After several years of pessimism about the retail market, industry leaders report growing optimism about demand for retail space in the Winter 2022 Allen Matkins/UCLA Anderson Forecast California Commercial Real Estate Survey. According to the Survey results, retail developers have solid growth opportunities across the state, especially in areas where surging residential development is increasing demand for retail. The greatest levels of optimism came from respondents in East Bay, Silicon Valley, Orange County, and San Diego — markets with low levels of unemployment.
El Warner, Executive Vice President of Capital Markets, Retail for Colliers International, and Anthony Burney, Real Estate Partner at Allen Matkins, discuss takeaways from the Survey and what lies ahead for this sector.
1. Retail Has Benefitted from the Strength of the Multi-Family Market
During the pandemic, there was a notable population shift from urban areas to suburban neighborhoods, where people could spread out. These new residents were not just buying single-family homes; they also increased demand for multi-family properties. This created additional foot traffic for places like grocery stores, gyms, and salons. “The strength of multi-family has benefitted from retail development,” says Burney, who adds, “Retailers who were able to provide these services were successful during the pandemic.”
According to Burney, the influx of younger residents moving to the suburbs created plenty of opportunities for retailers. His clients reported an increased level of foot traffic during the week as people shopped more frequently, often during their lunch breaks and after work. The return to the office is still uncertain for some companies, and employees who continue working from home will likely continue these new shopping practices well into 2022.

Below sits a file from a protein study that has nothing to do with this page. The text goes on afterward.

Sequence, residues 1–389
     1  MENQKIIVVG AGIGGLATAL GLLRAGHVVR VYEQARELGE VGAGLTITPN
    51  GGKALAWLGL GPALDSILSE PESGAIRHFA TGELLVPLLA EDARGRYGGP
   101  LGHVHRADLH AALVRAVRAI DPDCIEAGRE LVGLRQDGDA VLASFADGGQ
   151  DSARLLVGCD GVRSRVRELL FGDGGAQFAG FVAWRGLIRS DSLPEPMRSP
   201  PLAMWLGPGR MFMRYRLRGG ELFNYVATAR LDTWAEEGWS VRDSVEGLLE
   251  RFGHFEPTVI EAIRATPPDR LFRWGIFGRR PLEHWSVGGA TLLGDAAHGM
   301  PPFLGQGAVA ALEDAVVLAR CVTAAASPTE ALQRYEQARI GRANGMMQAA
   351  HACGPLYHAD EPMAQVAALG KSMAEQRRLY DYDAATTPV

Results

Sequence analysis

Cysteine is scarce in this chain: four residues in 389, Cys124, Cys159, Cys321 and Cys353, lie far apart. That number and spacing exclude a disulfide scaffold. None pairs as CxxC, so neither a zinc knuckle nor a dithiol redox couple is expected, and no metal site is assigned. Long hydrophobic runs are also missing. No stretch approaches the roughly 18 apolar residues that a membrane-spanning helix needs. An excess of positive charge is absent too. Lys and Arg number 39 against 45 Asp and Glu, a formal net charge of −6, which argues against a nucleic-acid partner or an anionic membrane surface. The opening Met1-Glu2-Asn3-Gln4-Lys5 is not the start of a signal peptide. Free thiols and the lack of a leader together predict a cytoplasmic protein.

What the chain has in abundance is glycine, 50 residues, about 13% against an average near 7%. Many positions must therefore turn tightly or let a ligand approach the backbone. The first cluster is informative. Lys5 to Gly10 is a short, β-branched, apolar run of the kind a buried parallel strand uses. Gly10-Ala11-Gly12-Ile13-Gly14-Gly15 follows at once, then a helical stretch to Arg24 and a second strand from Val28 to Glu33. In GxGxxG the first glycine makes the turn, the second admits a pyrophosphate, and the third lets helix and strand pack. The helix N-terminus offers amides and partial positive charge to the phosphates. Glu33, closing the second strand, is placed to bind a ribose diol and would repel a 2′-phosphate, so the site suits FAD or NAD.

2. Neighborhood Retail Centers Are Thriving
Warner expects the biggest growth in 2022 to take place in the cities that were hit the hardest during the pandemic, such as San Francisco, Boston, and Washington, DC. “Most of the other markets have rebounded,” he points out. Like Burney, he sees growth in neighborhood retail centers. “Grocery-anchored and net lease spaces are still strong,” he says.
“Development is back,” says Warner. “We’re starting to be able to build these assets to the highest and best use.” This includes multi-family and mixed-used spaces as well as brick-and-mortar retail. Construction costs may affect how quickly these projects come to fruition, as there is still significant fluctuation and inflation in the price of materials. However, local governments are actively working to support these endeavors to bring in tax dollars from retail revenue.
3. The Market for Retail Space is Evolving
The recent growth of retail is very much tied directly to the pandemic. Local restrictions, population movement, and competition from online commerce sites forced retailers to reconsider their operations. They are looking for space that allows room for more open-air concepts in a post-COVID world. As such, developers are working feverishly to reconfigure spaces to meet these new demands.
According to Warner, the mall sector is finally showing signs of stabilization. Property owners and developers have redeveloped the spaces, and the supply of vacant malls is finally decreasing as demand for leasing is up. He adds, “Property owners have an excellent opportunity now to sell their land and buildings.”
4. The Retail Sector Still Has Potential for Investors
The market for retail has changed over the last few years, and Warner believes it was undervalued going into the pandemic. “It took a pandemic to prove the sector’s resiliency,” he adds. “Asset classes across the sector are showing strong leasing and investment.” More stores opened last year than closed — the first time since 2015. He notes the $20 billion investors put into retail space during quarter three last year to underscore the point.
Burney has seen a similar movement. “Deal volume over the last 12 months was considerably higher than it has been over the past year or two,” he says. So far, rents have not increased as much as landlords want, but plenty of spaces that have been sitting empty for years are now reactivating.
For now, he offers this recommendation: “Retail developers just need to continue to be nimble and adapt to the changing consumer needs.”